By Daniel Newman
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Over the past year, we have been hearing rumors of Apple’s plans to reduce and/or eliminate its partnership with Intel for CPU chips for its Mac lineup. With Apple’s Worldwide Developer Conference (WWDC) set to begin June 22, these rumors have heated up again, and it’s increasingly looking like Intel will soon find itself outside Apple’s plans for its next-generation Mac.
For many, this appears to be bad news for Intel /zigman2/quotes/203649727/composite INTC +2.48% . I disagree. In fact, I believe Intel will be better off without Apple /zigman2/quotes/202934861/composite AAPL +1.45% .
Today, Apple represents about 6% of the global PC market based on units sold and accounts for somewhere around 2% to 4% of Intel’s sales. Based on Intel’s trailing 12-month revenue of more than $75 billion, that means the Apple relationship represents between around $1.5 billion and around $3.0 billion in annual sales for the chip maker. This number is significant, but given the overall size of the Intel business, it is hardly insurmountable.
Moreover, Apple is a demanding supplier that has a history of putting immense pressure on vendors. We saw this in the 5G modem business — not just with Intel, which sold its business to Apple last year, but also with mobile chip giant Qualcomm /zigman2/quotes/206679220/composite QCOM -1.75% . Without Apple, Intel can focus more attention on where its most significant growth is coming from — its broad data-centric strategy, which incorporates data center, network and Internet of Things (IoT).
In the two most recent quarters since divesting the 5G modem business, Intel has delivered strong results, first in its period ending in January 2020 and in the quarter ending in April, when it saw 69% year-over-year earnings growth with 23% revenue growth.
Perhaps more important than the overall growth is where the growth is coming from. While the company saw a notable 14% increase in client computing (PC) revenue in the April quarter from a year earlier, it saw much bigger growth in its Data Center Group. Sales reached $7.0 billion in this period — growth of 43% year over year.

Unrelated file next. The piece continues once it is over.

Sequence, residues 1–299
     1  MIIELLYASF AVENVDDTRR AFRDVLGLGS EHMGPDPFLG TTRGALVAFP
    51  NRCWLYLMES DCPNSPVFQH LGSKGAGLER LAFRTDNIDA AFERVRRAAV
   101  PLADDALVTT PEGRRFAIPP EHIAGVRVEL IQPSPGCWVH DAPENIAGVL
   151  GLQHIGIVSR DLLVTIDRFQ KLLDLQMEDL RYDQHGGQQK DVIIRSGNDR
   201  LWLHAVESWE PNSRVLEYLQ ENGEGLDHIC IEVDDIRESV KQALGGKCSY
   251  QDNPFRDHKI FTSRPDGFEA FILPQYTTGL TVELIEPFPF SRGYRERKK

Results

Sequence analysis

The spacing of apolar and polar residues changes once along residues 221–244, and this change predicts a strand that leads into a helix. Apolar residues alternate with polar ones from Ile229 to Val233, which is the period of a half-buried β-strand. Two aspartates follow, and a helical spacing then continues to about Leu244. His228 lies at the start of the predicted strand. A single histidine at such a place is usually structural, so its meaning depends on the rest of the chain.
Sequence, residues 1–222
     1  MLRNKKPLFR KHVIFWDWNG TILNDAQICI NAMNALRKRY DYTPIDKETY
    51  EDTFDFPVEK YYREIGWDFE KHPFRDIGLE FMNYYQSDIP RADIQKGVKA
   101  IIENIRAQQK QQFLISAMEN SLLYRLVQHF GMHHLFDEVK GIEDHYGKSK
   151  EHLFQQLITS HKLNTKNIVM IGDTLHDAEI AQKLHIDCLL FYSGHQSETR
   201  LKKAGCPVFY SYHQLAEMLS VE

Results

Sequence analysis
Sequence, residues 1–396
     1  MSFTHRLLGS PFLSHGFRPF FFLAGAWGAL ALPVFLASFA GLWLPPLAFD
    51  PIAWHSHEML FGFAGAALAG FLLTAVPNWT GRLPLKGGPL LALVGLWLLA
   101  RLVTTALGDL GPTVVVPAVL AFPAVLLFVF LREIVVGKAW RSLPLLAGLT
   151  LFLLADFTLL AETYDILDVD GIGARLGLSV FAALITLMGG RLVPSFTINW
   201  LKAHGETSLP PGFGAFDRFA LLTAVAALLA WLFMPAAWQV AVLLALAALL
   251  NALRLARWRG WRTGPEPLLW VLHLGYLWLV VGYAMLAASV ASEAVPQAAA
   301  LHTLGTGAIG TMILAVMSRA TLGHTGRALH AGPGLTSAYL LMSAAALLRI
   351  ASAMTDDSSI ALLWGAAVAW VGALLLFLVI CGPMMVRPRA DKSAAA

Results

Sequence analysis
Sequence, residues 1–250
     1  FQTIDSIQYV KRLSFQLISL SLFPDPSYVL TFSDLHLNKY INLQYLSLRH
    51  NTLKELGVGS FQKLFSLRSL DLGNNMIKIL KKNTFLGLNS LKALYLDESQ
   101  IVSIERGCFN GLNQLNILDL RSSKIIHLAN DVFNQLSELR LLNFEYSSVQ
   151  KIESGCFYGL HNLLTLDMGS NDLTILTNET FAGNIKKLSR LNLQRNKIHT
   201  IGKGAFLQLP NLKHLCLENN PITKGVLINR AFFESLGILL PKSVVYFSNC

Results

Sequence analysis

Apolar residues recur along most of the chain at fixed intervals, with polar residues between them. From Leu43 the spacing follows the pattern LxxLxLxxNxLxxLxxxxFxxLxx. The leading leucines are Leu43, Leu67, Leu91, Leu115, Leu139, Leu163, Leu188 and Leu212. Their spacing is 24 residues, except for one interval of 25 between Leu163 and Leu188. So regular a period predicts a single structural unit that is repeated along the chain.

Within these strong numbers is cloud service providers, where revenue jumped 53% year-over-year while volume and average selling price increased 27% and 13%, respectively. That in itself is impressive given that tech’s usual pricing direction is downward.
The recent success is a testament to a more diversified Intel. Its data-centric strategy, which was formally announced in April 2019, has launched or expanded many business areas including storage, memory, artificial intelligence and networking. This has driven the company’s total addressable market north of $300 billion, which is nearly 10 timed the addressable market for Intel’s historic CPU business, which Intel has pegged at $35 billion.
Based upon the significant growth of Intel’s Data Center Group in the past two quarters alone, continued attention in this area will bear greater fruit for Intel in terms of revenue and earnings than focusing on Apple could.
By diverting more resources away from Apple, Intel can turn its attention to these challenges — especially as global PC demand surges alongside the growing desire to enable employees to work from home even after the coronavirus pandemic recedes. This will mean increased enterprise spend in the data center and the cloud to support workloads, data, AI and security — all of which benefits Intel’s more diverse strategy.
The company has also made significant investments to further diversify in areas such as Edge, IoT, Autonomous Vehicles (ADAS) and 5G Networks. These technologies are still early-day for Intel, but already represent a multibillion-dollar revenue stream for Intel and are part of the above-mentioned $300 billion total addressable market. Over the next four quarters, growth in these areas, which is anticipated at a 7% compounded annual growth rate, will also help offset lost revenue from Apple.
Apple’s inevitable departure isn’t unfamiliar territory for Intel. Over the past few years, the company has regularly experienced pressure on its business. Between supply constraints, delays in new process technology for its 10nm and 7nm and the rise of stronger competitors in AMD, Qualcomm and ARM, it has become popular to bet against Inte.
So far those bets have been losers. ARM and its Windows on ARM always-connected PCs have been slow to gain market adoption despite early enthusiasm. AMD has made small bites into Intel’s client computing and data center business; however, Intel has maintained strong market positions in both areas despite the increased competition and AMD’s innovative offerings.
I believe Intel was aware and has been planning for this moment as Apple has continued its vertical integration in its iPhones and iPads over the past few generations.
Overall, despite a lot of strong headlines, Apple leaving Intel really isn’t a big deal. Even in just a year, we’ll look back on this and say it actually was good for Intel, much like its 5G modem exit last year has proven to be.
Daniel Newman is the principal analyst at Futurum Research. Follow him on Twitter @danielnewmanUV. Futurum Research, like all research and analyst firms, provides or has provided research, analysis, advising, and/or consulting to many high-tech companies in the tech and digital industries. Neither he nor his firm holds any equity positions with any companies cited.